During the World Perfumery Congress (WPC) 2007 held at the Palais des Festivals in Cannes, perfume in its own right took centre stage.
The regulatory issues nowadays dominate most industry events, and although these were addressed, with particular emphasis on REACH, it is the business of creative perfumery and its multi-facetted issues that led the debates.
Key words throughout the proceedings included diversity and bio-diversity, sustainability both in business terms and raw material terms, globalisation and Creativity with a capital C. It made a refreshing change to remember the alluring aspects of the industry as opposed to its multiple regulatory issues. They are, of course, part and parcel of the brief nowadays and a nettle to be grappled with, but the romance of the product still exists. Pleasure should be the reason for perfume and despite the mergers, regulatory affairs and the overcrowding of the market, with annual launch figures for 2006 varying from 365 to 700, there is a general optimistic feel about the future of the industry.
The importance of the event was reflected by its preview in Time magazine a few weeks ago, where it was likened to the Davos of the fragrance industry and the players described as “sultans of smell”. The future of the fragrance business appears rosy, despite the many mergers around, but there needs to be a common path defined by all to seduce the consumer without angering the legislator, as Christian Maubert, President of Robertet’s fragrance division put it. Nature is our absolute model, an inexhaustible source of inspiration. However we are now aware of the fragility of our planet and although REACH is aimed at protecting the consumer from the negative effects of bulk chemicals, its inception affects naturals and essential oils as well. There are however counter arguments to protect naturals: The Landes forest in France emits more VOC’s a month (160tonnes of terpenes per day in summer), more in a month than the annual consumption of essential oils in the EU, described as the “natural’s’ paradox.
REACH, officially in place since June 1st 2007, is the milestone legislation as highlighted by Achim Daub, Global president Scent and care of Symrise. The testing alone is estimated to cost 100m euros. There will be an impact on industry creativity with fewer raw materials available, at higher cost and increased complexity of supply and REACH is only the beginning! There is the California Safe Cosmetics ACT looming, a new EU amendment under construction, the furocoumarins issue, the 2009 ban on animal testing for cosmetics and the umbrella issue of sustainable development.
Help is at hand for the industry players navigate this minefield as Jean-Pierre Houri, Director general of IFRA explained; the phase-in of REACH is gradual and the deadline for pre-registration of materials is from June to December 2008 with January 1st 2009 the publication of pre-registered substances. After pre-registration the “consortium “ approach is being encouraged and all information on how best to proceed is available from IFRA and RIFM. In his speech, entitled “The Tyranny of regulations”, Sumit Bhasin, Director of Global R&D at Procter & Gamble Prestige products put his philosophy on successful products in a nutshell: “ Get ahead of the curve, recognise the world is getting flatter, build a partnership with Mother Nature, learn from the winners and listen to your consumer”. Mother Nature, or the Exceptional Naturals of the Grasse region always get top billing from Jean Pierre Leleu, Maire of Grasse and President of Pass (Parfums Aromes Senteurs Saveurs), highlighting their privileged position of the area in the world of perfumery. A new generation of perfume plant producers are committed to the sustainable development of an historic agricultural heritage as Carole Biancalana of the Domaine de Manon explained. This enterprise requiring high level of investment and commitment can only be ensured by long term contractual agreements with like minded partners.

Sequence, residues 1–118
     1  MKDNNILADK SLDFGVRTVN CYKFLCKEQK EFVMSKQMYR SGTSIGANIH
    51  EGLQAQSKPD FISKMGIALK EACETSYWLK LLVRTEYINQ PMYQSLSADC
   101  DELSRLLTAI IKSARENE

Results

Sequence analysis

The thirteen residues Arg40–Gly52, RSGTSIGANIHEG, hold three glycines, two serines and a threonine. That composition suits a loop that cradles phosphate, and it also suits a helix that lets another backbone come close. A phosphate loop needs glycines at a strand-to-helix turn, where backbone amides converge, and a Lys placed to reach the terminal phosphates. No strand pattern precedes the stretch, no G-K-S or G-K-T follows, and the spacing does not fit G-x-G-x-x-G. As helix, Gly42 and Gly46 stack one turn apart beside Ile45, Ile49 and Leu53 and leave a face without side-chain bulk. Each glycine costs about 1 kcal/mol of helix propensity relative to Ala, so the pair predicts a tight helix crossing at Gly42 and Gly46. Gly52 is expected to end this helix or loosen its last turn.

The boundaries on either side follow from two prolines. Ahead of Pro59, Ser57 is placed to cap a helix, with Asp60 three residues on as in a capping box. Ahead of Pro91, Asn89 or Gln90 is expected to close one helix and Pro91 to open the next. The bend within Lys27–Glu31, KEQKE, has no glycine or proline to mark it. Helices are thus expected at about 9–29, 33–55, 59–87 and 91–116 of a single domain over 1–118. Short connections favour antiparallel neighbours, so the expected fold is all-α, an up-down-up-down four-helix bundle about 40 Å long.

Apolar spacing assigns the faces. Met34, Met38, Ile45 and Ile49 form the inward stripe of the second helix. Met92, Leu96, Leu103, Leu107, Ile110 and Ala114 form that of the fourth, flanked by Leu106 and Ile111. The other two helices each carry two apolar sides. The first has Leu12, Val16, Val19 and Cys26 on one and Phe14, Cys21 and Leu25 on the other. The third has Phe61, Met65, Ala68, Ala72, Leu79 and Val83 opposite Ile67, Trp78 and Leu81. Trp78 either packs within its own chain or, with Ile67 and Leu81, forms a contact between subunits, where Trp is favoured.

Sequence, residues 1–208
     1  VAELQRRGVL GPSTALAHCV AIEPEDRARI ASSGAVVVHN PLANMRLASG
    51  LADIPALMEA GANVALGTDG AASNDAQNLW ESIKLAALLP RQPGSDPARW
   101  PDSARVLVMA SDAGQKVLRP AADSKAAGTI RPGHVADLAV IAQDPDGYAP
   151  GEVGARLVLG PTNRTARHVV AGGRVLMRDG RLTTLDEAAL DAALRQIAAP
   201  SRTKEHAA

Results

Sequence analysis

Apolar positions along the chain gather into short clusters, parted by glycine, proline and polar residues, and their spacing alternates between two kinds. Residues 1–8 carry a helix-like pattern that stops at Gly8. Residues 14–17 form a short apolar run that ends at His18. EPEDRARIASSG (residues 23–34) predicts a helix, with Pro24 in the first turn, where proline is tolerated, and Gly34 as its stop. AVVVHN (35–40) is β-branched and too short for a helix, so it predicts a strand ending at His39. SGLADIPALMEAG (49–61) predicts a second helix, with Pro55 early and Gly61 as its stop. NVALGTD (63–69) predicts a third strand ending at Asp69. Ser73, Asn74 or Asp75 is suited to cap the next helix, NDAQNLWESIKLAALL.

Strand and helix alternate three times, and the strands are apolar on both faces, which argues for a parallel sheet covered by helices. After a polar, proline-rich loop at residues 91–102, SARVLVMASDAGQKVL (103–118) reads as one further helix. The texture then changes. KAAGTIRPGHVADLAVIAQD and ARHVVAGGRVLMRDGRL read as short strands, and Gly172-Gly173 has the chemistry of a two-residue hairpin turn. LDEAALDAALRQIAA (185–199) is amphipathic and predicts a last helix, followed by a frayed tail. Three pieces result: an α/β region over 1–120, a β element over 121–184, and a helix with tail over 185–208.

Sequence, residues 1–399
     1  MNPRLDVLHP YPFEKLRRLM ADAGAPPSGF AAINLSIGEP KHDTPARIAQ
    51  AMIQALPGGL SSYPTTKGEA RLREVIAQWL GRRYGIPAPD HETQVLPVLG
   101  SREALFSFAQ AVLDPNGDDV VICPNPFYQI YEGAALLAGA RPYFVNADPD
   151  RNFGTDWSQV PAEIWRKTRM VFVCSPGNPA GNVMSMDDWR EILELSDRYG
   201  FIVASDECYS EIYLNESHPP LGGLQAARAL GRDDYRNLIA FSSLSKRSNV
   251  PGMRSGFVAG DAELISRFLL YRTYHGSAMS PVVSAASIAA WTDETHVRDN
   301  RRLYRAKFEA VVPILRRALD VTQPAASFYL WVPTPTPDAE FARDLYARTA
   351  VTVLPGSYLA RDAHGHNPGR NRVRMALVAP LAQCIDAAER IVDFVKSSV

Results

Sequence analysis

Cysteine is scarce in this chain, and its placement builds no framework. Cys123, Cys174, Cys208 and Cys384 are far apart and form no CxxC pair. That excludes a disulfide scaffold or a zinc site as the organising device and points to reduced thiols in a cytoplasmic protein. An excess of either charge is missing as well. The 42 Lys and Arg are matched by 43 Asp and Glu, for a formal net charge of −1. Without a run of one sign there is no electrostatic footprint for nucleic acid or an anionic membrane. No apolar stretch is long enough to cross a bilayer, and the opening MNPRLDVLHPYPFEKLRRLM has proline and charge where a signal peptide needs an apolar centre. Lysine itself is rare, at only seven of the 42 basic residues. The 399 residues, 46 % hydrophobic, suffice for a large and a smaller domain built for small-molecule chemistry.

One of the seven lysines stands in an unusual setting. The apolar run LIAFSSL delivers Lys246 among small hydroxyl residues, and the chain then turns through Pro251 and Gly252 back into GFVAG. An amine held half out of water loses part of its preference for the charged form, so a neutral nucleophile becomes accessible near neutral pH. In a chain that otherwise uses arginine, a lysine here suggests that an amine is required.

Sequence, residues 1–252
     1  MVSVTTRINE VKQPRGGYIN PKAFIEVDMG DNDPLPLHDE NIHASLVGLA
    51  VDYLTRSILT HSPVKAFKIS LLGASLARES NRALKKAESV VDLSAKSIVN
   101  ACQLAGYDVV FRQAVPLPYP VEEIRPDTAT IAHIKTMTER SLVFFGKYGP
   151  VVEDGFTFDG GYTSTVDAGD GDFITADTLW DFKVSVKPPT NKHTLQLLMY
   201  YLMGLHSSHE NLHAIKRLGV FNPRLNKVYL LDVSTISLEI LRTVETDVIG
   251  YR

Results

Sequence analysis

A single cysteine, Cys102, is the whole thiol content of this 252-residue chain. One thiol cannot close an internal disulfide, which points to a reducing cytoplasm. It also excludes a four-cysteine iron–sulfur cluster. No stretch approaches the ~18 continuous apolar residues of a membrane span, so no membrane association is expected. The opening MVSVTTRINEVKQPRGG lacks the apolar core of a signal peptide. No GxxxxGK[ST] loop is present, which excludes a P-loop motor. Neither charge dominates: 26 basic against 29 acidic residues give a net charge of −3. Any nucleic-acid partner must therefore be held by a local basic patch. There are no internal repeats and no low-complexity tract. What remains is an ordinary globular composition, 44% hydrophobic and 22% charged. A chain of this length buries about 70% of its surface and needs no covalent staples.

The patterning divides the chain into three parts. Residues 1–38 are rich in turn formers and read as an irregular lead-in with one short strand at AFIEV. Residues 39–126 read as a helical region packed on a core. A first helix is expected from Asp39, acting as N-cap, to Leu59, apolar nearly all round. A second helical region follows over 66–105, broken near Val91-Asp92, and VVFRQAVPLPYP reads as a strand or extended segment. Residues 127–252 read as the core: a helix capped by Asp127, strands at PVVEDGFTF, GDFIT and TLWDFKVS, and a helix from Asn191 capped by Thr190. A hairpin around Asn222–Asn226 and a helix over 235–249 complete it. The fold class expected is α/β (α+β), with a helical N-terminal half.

The naturals are also targeted by the new legislation and although it is not an insurmountable obstacle, it will take inevitably its toll on creativity and the materials available.
The new era of sustainable development also impacts heavily on raw materials. Organic is not a buzzword as Dominique Coutière, founder and president of Biolandes said but truly the new era of raw materials; consumers are becoming very aware and multi national companies are looking to traceability of ingredients to underscore transparency and ethical supply. Ethical supply and fair trade are core to the business of O’Boticario (Miguel Krisgner President) in Brazil, one of the most successful newcomers to the world of fragrances and cosmetics; although well-established in Brazil, it is only in the last few years that they have become contenders in the international market, now featuring in 20 countries. The biodiversity of the rain forest of Brazil, linked with sustainable developed crops are key to their long-term success. From Brazil to Australia, the watchword is sustainability and Dr Paul Biggs, general manager of the Forest products commission for western Australia even ventures as far as to underline that production of fragrance raw materials, in an intelligent way (a case in point being sandalwood) can actually contribute to saving eco-systems rather than depleting them.
The atmosphere of the exhibition stands was very zen with white bamboo sticks on Givaudan’s stand, white orchids at Takasago, ethereal orchids at Payan Bertrand and a general ambiance aiming at well-being and a spa style atmosphere on Robertet’s stand. The spa feel did not detract from the highly technical demonstration and the vast array of new materials around. Talking to the exhibitors they all seemed upbeat and pleased with the attendance and the generally high level of interest in new ideas as well as materials.